under the proposal.
"This is a huge
budget deficit we are facing, of an unprecedented amount," said Rep.
Joan Bauer, D-Lansing, chairwoman of the House higher education subcommittee.
"In higher education, this means massive cuts to financial aid at a time
when we really should be investing more, not less, in helping kids get a
Need-based programs have
been targeted for cuts all year, so the state didn't send out award letters
to recipients in May, as it typically would.
However, the state sent
congratulations letters to 41,666 high school juniors last year alerting them
to their Michigan Promise scholarships.
"It's called the
Promise grant," said Michael Boulus, executive director of Presidents
Council, State Universities, which represents the 15 public universities.
"The letter went out promising students they would receive the funds.
And to pull the money out from them at this late in the game, it's going to
create some real economic challenges for Michigan families."
MSU can't cover all losses
At Michigan State
received $50 million in state-sponsored scholarships last year, including
$13.4 million in Promise scholarships and $5 million from the state
If the state pulls the
plug on these programs, MSU doesn't have money to replace the loss for all
students, said Val Meyers, associate director of financial aid at MSU.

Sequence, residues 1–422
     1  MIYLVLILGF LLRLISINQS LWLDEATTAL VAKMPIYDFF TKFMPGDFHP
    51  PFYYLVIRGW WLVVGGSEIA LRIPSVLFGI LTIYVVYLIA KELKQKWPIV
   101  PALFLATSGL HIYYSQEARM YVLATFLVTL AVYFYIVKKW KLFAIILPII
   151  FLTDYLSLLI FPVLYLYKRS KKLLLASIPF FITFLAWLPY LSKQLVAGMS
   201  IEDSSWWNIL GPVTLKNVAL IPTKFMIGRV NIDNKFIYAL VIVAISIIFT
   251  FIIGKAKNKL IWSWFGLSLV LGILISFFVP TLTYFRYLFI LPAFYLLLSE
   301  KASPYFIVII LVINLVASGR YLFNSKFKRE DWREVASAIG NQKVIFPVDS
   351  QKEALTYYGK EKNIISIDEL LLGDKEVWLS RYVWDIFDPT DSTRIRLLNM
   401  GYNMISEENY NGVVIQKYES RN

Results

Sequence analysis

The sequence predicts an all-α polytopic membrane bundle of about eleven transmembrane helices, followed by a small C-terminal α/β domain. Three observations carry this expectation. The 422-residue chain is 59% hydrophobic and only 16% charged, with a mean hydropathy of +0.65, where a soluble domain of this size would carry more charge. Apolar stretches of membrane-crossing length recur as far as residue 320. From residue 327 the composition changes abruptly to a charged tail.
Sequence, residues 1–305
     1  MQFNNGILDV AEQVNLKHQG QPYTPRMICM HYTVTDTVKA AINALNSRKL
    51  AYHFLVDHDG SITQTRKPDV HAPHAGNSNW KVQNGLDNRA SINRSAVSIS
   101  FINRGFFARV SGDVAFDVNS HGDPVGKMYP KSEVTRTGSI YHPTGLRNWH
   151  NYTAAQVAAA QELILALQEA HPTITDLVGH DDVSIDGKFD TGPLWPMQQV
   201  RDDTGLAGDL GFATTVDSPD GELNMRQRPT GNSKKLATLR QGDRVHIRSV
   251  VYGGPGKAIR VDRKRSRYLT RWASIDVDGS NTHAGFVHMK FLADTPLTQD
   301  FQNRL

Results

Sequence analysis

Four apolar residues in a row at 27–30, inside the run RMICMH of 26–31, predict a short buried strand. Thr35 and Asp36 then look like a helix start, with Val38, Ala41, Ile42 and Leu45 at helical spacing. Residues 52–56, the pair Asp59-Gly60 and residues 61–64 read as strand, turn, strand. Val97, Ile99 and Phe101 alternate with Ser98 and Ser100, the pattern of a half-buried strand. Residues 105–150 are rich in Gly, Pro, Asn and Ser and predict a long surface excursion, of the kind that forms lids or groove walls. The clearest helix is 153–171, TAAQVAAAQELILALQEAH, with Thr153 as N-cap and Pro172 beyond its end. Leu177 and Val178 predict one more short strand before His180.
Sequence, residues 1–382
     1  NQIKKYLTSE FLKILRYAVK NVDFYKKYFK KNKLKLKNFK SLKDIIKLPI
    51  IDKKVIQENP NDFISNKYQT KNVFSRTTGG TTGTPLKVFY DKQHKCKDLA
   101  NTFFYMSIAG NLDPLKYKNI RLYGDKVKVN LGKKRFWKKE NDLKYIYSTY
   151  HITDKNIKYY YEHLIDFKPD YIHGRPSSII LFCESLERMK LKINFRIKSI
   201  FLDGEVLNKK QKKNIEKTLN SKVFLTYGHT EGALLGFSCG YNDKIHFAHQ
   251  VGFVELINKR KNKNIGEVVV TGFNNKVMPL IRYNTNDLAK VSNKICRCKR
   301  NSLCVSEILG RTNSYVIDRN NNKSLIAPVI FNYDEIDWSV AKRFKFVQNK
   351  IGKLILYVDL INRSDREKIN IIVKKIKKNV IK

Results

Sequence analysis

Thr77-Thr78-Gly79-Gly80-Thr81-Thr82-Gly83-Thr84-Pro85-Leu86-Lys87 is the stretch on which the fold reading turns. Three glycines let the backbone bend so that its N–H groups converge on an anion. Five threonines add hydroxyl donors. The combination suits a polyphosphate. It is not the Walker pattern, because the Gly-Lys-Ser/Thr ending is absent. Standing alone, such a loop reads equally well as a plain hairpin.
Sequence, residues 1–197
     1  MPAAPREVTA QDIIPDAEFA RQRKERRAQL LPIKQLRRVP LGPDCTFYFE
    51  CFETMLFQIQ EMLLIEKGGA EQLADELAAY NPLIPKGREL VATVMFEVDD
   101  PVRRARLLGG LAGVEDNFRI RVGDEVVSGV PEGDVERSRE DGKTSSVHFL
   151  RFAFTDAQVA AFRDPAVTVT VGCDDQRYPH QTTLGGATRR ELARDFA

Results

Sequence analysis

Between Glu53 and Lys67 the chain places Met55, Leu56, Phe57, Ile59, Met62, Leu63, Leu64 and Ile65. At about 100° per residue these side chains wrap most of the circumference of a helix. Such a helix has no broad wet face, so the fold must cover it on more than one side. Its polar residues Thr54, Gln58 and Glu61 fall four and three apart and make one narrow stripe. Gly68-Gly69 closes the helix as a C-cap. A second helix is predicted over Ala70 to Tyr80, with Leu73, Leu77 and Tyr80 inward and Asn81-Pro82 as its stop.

The University of Michigan,
which has committed to covering the gap between undergraduates' scholarships
and other funding and the cost of tuition, would need to spend $3 million to
replace the loss of Promise scholarships for students in financial need, said
Pamela Fowler, executive financial aid director.
Said Marsden, the
spokesman for Bishop: "Cutting higher education is never really popular
with the public; neither is cuts to State Police, cuts to corrections and ...
layoffs. This is a universal situation. ... But at the end of the day, we
only have so much money to work with."
The state may face public
outcry over pulling the Promise scholarship, but legally it's possible, some
lawmakers say, because the statute allows the state to reduce scholarships to
students if money isn't appropriated to fund the program.
After today's action, the bill
could head to the full Appropriations Committee on Wednesday and then on to
the full Senate shortly thereafter, sources say. The legislation would then
head back to the House.
House Republicans haven't
taken a position on what to cut: merit-based aid vs. need-based. But House
Speaker Andy Dillon, D-Redford
preserving scholarships for the neediest students is paramount.
"When it comes to
cuts to scholarships and higher education, we need to do everything in our
power to protect those who need help the most," Dillon said in a
But Granholm is a champion
of the Promise Scholarship. Her spokeswoman wouldn't speculate on whether
she'd veto a bill that eliminated the program.
No matter the outcome,
financial aid leaders and families hope the decision comes quickly.
"It would be nice to
know sooner rather than later so we can let students know," Fowler said.